Teen who battled brain cancer never complained

Teen who battled brain cancer never complained

SHE never once complained, said Mr Tan Bien Kiat of his 18-year-old daughter, Isabelle, who died after 10 months of battling brain cancer.

A lively student from St Joseph's Institution International School, she pursued sports like soccer and netball and was also the lead singer of a rock band called Tofu Fighters.

Recounting the series of events leading up to her death on Sunday, Mr Tan, who is in his mid-50s, told my paper: "It was a very difficult fight for the last 10 months and she was very courageous."

He was speaking at his family's Pasir Panjang bungalow yesterday, where Isabelle's wake was held.

Mr Tan is an executive director of an investment company, reported Chinese evening newspaper Lianhe Wanbao.

Isabelle was in the pink of health - except for a persistent headache she had at least once every two months since 2004.

MRI scans in 2008 revealed a white oval patch in her brain, but doctors she consulted were not overly worried as the abnormality showed no telltale signs of being a malignant tumour.

Her headaches increased in both intensity and frequency last year, to a point when she would experience discomfort almost every day.

One evening in May last year, a severe headache caused Isabelle to be overcome by a wave of nausea. She was home at the time.

Her parents later found her passed out on the bathroom floor and took her to Singapore General Hospital (SGH).

Tumour grew by 30 per cent

There, doctors confirmed that the growth in her brain was a tumour. It had grown by 30 per cent since it was discovered. An operation was performed to remove most of the tumour, followed by radiotherapy sessions and medication.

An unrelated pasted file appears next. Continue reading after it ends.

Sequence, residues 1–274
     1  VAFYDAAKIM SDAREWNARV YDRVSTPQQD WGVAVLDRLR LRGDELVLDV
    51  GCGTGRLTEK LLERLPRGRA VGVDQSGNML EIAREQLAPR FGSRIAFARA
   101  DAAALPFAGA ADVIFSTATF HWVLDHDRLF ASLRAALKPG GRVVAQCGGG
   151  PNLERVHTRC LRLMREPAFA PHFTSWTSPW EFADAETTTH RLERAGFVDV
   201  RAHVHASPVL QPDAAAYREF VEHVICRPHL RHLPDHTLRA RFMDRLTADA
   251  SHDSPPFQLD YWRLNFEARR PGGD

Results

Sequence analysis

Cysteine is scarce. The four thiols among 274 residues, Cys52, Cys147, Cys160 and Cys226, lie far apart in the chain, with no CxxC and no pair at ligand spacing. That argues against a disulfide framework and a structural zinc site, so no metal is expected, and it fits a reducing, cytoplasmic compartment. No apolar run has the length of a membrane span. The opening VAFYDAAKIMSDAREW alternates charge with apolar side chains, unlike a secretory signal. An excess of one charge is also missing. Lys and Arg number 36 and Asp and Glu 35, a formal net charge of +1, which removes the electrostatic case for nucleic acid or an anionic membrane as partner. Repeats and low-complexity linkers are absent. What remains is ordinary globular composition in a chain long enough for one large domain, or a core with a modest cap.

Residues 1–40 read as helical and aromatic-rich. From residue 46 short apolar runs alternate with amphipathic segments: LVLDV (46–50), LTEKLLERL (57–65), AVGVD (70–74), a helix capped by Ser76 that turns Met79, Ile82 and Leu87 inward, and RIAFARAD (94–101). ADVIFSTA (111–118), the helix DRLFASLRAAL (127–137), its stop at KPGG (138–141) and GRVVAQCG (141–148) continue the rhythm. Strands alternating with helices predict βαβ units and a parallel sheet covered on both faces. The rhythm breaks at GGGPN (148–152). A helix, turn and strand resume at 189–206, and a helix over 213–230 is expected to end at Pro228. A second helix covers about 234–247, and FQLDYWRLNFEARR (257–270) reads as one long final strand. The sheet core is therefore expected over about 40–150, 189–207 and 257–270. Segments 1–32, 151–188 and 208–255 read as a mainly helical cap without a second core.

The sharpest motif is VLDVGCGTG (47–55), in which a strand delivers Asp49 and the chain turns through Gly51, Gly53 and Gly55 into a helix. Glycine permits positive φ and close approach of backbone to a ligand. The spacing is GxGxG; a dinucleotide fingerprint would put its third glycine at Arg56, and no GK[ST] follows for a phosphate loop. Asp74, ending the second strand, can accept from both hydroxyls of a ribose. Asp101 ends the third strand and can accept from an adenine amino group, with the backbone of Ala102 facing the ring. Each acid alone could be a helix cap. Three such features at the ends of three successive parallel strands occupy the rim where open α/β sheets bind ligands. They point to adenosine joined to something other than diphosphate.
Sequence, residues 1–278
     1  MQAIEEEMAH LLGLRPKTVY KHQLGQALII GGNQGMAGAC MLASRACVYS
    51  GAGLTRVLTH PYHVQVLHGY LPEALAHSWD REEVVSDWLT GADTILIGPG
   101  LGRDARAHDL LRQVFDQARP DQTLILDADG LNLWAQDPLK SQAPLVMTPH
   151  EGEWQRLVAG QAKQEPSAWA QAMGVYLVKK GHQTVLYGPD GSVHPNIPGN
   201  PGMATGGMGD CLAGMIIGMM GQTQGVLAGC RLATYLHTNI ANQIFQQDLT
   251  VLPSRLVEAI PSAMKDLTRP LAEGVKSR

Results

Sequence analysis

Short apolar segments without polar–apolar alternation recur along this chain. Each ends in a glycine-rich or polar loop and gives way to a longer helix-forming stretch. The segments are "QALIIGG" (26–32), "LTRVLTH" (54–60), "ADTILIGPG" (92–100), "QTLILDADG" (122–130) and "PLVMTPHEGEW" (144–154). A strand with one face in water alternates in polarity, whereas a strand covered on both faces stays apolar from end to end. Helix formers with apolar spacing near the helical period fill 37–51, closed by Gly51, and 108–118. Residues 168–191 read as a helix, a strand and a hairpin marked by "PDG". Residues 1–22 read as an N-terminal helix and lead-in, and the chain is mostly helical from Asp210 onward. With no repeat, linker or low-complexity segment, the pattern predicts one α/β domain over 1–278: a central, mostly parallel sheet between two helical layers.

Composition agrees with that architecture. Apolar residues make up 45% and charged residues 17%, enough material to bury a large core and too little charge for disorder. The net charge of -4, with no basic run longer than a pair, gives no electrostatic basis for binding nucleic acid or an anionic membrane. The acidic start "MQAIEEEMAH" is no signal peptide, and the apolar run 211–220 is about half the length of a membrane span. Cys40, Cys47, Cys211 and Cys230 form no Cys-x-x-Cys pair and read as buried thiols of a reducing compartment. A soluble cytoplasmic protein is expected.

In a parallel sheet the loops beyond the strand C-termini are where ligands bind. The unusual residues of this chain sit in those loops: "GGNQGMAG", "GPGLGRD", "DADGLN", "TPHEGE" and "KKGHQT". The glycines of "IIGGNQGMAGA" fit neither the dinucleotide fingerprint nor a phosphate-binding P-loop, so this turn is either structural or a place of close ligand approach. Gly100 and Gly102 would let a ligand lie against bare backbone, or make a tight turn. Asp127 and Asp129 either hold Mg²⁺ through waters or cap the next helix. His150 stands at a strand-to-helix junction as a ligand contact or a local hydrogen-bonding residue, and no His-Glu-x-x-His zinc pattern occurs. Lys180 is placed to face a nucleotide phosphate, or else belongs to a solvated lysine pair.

Last September, her family took her to Burzynski Clinic, a cancer centre in Houston, Texas, in the United States, to seek further treatment.

Isabelle returned to Singapore in January and was admitted to the intensive-care unit at SGH, where she remained until her death. She has five siblings - four sisters and a brother - who are aged between 15 and 26.

Her last hours were spent with her housewife- mother, Mrs Agnes Tulio Tan, 53, who played the guitar and sang hymns to her.

Mrs Tan told my paper that her daughter was unable to speak in her final moments but she was "incredibly awake".

She said: "She never complained or questioned why she had to go through this, despite the terrible pain she felt on a daily basis."

Doctors that my paper spoke to said that Isabelle's tumour, which began in the brain, is very rare, as such tumours are usually spread from other parts of the body.

Dr Wong Seng Weng, medical director of Singapore Medical Group's The Cancer Centre, said there are 100 new cases of "true brain tumour", where the tumour starts forming in the brain itself, every year.

"With other forms of cancer, such as breast cancer, you can sacrifice most of the affected tissue. Generous surgery on the brain can cause the patient to become a vegetable," said Dr Wong.

Isabelle will be cremated at Mandai Crematorium tomorrow, following a funeral mass at the Church of St Ignatius in King's Road.

shong@sph.com.sg


For more my paper stories click here.

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